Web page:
Opinion pieces and “who’s the bully”
Santa Paula Times Opinion
Published: October 26, 2012
There seems to be some confusion over the contents of the Opinion pages in the Santa Paula Times. To clarify, let’s begin with a citation excerpted from Merriam Webster’s Collegiate Dictionary (10th Edition):
“opinion… 1 a: view, judgment, or appraisal formed in the mind about a particular matter b: APPROVAL, ESTEEM 2 a: belief stronger than impression and less strong than positive knowledge b: a generally held view”
This newspaper has recently been accused of “journalistic bullying,” with reference to “so-called ‘opinion’ articles” on the paper’s Opinion pages. We fail to find a reason for the writer’s complaint as the articles are indeed the “opinion” of the writer, sharing space with letters by numerous authors with numerous opinions of their own.
Letters and columns are indeed opinion pieces – the opinions of their writers. Articles are press releases and news stories that we endeavor to base on facts as the information is presented to us.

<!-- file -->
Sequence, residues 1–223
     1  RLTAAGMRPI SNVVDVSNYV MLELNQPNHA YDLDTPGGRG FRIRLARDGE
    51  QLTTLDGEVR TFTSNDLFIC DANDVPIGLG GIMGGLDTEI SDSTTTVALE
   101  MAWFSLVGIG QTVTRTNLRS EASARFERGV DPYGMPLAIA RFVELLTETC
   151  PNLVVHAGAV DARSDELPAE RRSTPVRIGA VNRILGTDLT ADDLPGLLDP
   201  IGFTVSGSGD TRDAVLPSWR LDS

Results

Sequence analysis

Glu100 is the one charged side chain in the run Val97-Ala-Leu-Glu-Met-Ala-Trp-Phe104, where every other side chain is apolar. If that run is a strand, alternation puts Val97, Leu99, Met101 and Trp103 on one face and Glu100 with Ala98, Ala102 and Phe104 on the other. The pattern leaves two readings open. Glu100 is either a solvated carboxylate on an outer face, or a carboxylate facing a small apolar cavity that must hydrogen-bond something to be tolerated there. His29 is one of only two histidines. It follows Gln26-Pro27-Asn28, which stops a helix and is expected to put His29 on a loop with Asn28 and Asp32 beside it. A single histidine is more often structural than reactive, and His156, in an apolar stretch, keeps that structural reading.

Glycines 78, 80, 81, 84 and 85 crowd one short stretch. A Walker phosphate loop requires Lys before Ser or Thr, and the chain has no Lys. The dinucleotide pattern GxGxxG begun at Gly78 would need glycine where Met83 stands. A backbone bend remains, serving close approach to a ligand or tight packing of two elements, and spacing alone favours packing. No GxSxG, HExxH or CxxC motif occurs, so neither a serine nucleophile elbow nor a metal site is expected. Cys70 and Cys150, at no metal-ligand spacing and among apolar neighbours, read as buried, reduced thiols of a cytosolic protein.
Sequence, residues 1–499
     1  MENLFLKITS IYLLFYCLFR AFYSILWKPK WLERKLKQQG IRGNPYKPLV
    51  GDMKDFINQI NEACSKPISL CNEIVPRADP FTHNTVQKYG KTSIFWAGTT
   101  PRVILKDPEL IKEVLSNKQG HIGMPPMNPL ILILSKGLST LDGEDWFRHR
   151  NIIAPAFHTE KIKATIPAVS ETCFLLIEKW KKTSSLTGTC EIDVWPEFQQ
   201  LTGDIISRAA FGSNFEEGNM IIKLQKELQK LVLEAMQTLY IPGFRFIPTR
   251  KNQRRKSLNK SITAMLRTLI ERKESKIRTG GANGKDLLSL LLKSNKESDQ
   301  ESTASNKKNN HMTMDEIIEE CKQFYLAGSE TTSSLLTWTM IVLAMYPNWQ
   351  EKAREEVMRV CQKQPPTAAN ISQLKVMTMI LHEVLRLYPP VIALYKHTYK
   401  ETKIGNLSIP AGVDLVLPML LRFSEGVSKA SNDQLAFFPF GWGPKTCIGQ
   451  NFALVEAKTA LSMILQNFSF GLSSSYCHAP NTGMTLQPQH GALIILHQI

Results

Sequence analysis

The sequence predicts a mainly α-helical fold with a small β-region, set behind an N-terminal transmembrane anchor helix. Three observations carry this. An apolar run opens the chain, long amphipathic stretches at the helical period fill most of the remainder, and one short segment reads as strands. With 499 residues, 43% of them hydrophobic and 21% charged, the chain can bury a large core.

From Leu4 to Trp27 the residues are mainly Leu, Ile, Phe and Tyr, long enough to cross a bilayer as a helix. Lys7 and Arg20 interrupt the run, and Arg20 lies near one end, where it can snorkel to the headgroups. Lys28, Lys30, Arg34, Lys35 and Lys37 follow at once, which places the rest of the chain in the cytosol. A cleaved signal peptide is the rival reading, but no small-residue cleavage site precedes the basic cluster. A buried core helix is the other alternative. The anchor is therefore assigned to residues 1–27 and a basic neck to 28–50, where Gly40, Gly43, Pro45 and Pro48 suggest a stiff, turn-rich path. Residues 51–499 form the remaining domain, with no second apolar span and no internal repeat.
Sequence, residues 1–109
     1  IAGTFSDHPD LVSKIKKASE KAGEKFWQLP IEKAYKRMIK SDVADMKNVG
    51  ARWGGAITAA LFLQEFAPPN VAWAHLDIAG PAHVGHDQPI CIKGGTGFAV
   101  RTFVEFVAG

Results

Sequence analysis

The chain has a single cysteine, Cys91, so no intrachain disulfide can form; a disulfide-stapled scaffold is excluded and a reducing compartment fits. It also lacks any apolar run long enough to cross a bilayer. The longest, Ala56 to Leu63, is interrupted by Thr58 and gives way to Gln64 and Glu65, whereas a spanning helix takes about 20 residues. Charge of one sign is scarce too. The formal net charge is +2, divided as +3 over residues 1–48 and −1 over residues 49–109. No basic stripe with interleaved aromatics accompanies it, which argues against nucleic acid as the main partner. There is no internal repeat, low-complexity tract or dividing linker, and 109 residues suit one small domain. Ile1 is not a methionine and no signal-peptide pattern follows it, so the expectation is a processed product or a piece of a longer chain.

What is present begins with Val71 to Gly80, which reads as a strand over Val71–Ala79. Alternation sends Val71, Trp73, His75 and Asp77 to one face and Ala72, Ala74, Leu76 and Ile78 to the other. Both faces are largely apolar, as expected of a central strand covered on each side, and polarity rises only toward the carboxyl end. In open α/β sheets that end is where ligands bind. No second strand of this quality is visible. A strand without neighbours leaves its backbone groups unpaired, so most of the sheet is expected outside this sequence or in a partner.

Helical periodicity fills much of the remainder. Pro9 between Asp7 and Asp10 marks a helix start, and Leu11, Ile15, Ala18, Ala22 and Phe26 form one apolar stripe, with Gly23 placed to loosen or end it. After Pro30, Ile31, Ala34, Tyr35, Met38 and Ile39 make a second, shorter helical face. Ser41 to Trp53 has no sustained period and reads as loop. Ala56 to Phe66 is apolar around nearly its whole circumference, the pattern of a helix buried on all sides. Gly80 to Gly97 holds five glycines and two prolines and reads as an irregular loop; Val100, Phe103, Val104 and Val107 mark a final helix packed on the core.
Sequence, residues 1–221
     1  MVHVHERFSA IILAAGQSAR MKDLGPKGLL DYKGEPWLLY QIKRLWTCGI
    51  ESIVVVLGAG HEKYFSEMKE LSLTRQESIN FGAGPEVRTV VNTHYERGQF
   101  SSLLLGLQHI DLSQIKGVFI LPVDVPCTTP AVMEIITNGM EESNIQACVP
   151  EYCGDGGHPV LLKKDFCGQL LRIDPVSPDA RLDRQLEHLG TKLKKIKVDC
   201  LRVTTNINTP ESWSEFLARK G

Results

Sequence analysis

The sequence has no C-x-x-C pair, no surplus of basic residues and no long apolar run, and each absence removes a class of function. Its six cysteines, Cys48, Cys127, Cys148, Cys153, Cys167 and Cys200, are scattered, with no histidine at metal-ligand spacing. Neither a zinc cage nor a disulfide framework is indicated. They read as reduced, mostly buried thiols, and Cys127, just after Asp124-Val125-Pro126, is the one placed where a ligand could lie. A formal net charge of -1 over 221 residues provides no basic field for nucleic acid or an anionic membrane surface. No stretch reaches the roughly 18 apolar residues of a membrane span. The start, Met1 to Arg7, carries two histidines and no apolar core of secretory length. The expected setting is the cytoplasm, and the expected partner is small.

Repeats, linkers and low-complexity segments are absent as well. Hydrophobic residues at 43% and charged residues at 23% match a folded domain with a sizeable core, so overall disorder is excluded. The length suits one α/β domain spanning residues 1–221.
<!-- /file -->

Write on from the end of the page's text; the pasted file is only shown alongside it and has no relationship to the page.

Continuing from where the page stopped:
The Santa Paula Times has long made it a policy to run letters to the editor in their entirety, as long as the letters are presented with their authors’ names and contact information (of which only the names and city of residence are printed) and contain no slanderous or libelous statements. This policy has accounted for many letters both agreeing and disagreeing with the publishers’ own politics appearing on the newspapers pages, often at great length, and at great cost to the newspaper as they generate no advertising income.
We know of other newspapers that restrict their writers to a limited letter length, and allow only one letter to be published in a given amount of time. For now we continue to print letters as they are submitted to us, honoring that everyone is entitled to their opinion and granting free expression to those who desire to share those opinions with the community. These include letters that are critical of this newspaper’s operations, and might, in some eyes, be considered “bullying.”